Air Asia mishap: Is this Malaysia? No, this is Melbourne

A PLANE-load of travellers ended up landing more than 6000km away from their destination after a captain of an AirAsia X flight typed in the wrong figures ahead of take-off.

This is nub of findings by the Air Transport Safety Bureau, released on Wednesday, which found a single wrong digit caused the navigation system to think the plane was in South Africa instead of Sydney.

The flight took off from Sydney Airport at lunchtime on March 10, 2015, bound for Kuala Lumpur in Malaysia.

But soon after takeoff, the Airbus A330 was struck by technical issues.

Navigation systems including autopilot were now gone and the plane was unable to return to Sydney because low clouds meant the flight crew could not see the runway.

Two hours later the flight landed in Melbourne after it was guided by air traffic controllers relying on the plane's radar position.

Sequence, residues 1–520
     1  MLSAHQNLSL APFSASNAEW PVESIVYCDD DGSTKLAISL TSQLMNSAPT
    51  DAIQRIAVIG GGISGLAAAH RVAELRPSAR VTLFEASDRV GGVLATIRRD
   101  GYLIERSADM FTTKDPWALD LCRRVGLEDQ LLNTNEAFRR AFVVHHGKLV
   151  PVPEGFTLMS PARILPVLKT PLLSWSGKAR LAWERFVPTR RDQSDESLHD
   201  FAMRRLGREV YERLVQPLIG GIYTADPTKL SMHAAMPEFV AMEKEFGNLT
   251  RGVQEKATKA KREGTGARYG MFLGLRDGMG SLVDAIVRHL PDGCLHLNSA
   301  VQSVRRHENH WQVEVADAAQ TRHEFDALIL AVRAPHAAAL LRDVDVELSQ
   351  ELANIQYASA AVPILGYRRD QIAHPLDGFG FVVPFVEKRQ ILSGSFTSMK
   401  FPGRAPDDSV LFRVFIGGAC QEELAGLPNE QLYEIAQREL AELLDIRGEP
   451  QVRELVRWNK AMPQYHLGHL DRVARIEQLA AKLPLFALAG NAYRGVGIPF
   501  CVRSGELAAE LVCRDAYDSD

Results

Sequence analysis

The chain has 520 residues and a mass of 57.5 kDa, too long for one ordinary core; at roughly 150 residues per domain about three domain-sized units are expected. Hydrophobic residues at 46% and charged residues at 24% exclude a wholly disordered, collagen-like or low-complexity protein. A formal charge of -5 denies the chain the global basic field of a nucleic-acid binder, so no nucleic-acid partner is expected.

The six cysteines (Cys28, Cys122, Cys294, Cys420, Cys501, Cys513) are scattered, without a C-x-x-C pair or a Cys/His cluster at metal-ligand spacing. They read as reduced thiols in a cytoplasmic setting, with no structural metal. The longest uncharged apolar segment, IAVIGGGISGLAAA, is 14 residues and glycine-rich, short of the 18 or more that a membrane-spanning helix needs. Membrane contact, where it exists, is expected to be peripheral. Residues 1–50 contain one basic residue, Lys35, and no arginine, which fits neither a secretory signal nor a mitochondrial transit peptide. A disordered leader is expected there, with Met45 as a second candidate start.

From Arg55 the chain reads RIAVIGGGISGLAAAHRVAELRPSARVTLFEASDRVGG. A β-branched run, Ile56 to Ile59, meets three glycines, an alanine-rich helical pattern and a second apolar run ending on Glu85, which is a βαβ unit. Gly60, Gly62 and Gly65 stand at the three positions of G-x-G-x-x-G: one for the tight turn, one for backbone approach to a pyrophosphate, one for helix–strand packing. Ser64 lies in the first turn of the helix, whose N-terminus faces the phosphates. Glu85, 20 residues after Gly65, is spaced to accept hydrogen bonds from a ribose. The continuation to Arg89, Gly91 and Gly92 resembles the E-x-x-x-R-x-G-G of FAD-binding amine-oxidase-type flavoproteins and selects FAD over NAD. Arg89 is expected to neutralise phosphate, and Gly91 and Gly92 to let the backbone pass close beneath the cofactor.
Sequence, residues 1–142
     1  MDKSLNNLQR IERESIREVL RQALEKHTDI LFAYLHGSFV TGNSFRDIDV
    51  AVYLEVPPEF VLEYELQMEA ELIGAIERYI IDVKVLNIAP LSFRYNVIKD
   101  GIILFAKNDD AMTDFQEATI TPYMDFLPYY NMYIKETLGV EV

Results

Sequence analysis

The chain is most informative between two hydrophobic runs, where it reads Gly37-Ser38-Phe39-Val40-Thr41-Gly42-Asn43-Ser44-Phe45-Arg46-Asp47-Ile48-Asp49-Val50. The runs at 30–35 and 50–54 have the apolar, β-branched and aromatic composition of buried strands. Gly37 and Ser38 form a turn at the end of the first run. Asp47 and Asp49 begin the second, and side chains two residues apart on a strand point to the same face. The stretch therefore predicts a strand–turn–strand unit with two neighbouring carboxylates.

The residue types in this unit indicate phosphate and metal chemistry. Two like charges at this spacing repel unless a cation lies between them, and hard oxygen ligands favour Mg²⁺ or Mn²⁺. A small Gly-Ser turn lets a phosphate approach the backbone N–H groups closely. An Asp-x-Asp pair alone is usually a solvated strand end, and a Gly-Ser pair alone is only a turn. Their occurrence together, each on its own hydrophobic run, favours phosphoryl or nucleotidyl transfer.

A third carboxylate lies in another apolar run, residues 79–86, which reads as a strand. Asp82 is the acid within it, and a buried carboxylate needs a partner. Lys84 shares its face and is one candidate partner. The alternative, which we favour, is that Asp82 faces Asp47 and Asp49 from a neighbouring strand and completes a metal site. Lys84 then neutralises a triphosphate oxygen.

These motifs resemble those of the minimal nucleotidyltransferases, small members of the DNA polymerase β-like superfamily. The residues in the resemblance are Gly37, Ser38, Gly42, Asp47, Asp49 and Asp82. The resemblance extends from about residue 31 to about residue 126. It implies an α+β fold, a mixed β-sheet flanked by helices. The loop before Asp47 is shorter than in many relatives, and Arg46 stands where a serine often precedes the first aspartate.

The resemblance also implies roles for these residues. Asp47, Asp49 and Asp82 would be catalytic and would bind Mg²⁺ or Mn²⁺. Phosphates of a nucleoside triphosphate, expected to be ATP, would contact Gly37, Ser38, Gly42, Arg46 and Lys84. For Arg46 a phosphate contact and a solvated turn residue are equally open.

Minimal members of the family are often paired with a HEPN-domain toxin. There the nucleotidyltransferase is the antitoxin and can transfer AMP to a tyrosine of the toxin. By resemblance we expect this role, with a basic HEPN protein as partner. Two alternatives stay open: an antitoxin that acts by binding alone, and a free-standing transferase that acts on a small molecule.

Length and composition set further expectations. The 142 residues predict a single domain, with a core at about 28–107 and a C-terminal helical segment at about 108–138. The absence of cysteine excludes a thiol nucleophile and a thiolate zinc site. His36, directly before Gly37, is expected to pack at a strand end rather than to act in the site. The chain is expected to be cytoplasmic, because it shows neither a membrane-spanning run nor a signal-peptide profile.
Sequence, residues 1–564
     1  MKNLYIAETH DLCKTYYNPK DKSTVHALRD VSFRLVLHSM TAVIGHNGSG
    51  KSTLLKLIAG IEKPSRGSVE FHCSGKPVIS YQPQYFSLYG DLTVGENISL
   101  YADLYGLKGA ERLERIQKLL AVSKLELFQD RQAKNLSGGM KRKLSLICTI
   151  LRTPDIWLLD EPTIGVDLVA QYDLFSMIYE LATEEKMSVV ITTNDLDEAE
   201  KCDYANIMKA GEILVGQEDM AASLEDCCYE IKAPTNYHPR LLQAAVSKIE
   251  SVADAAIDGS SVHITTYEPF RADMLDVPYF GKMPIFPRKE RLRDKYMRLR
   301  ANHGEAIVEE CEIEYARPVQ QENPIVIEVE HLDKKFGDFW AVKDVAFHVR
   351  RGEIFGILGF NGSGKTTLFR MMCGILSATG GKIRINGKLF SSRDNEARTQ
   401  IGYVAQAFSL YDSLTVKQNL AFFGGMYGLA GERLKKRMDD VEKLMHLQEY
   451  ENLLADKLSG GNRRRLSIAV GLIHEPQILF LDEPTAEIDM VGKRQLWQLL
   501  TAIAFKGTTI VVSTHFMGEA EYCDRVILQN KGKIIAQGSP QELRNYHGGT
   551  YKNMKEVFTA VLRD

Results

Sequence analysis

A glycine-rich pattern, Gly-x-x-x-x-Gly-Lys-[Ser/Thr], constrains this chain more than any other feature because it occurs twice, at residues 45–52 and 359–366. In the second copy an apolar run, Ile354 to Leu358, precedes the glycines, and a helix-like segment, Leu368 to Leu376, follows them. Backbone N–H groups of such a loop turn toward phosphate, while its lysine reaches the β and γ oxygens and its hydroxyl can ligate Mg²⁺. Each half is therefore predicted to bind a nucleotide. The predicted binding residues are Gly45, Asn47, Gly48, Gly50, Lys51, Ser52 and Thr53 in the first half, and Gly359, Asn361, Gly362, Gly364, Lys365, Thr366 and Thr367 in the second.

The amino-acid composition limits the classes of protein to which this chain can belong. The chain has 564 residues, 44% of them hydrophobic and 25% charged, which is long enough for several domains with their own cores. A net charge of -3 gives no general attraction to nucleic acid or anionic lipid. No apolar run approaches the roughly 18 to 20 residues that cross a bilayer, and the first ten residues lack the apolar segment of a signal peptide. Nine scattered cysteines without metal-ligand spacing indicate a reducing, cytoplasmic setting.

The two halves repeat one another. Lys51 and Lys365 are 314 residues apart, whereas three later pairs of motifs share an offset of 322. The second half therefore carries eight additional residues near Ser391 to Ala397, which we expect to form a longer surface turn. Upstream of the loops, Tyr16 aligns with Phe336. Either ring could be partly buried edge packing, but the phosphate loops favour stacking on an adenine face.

The ATSB found that the captain should have put his longitude into the navigational system as 01519.8 east. 

Instead he entered 15109.9 east.

The navigational system then considered the plane to be 11,000km away from its actual location.

The first officer on the flight did not notice the error, and the flight management system on the plane had not been upgraded, which meant it did not immediately overrule the error.

Checks of the cockpit's instrument panels was not done properly, which meant the crew did not detect the error either.

When the plane took off, the error meant the navigation system could not work out where the plane was, which then gave false alarms.

The ATSB has now dispatched a training bulletin for flight crews to show how their data and reference systems should be used.

All pilots have now been informed of the findings.

Read the ATSB's full report here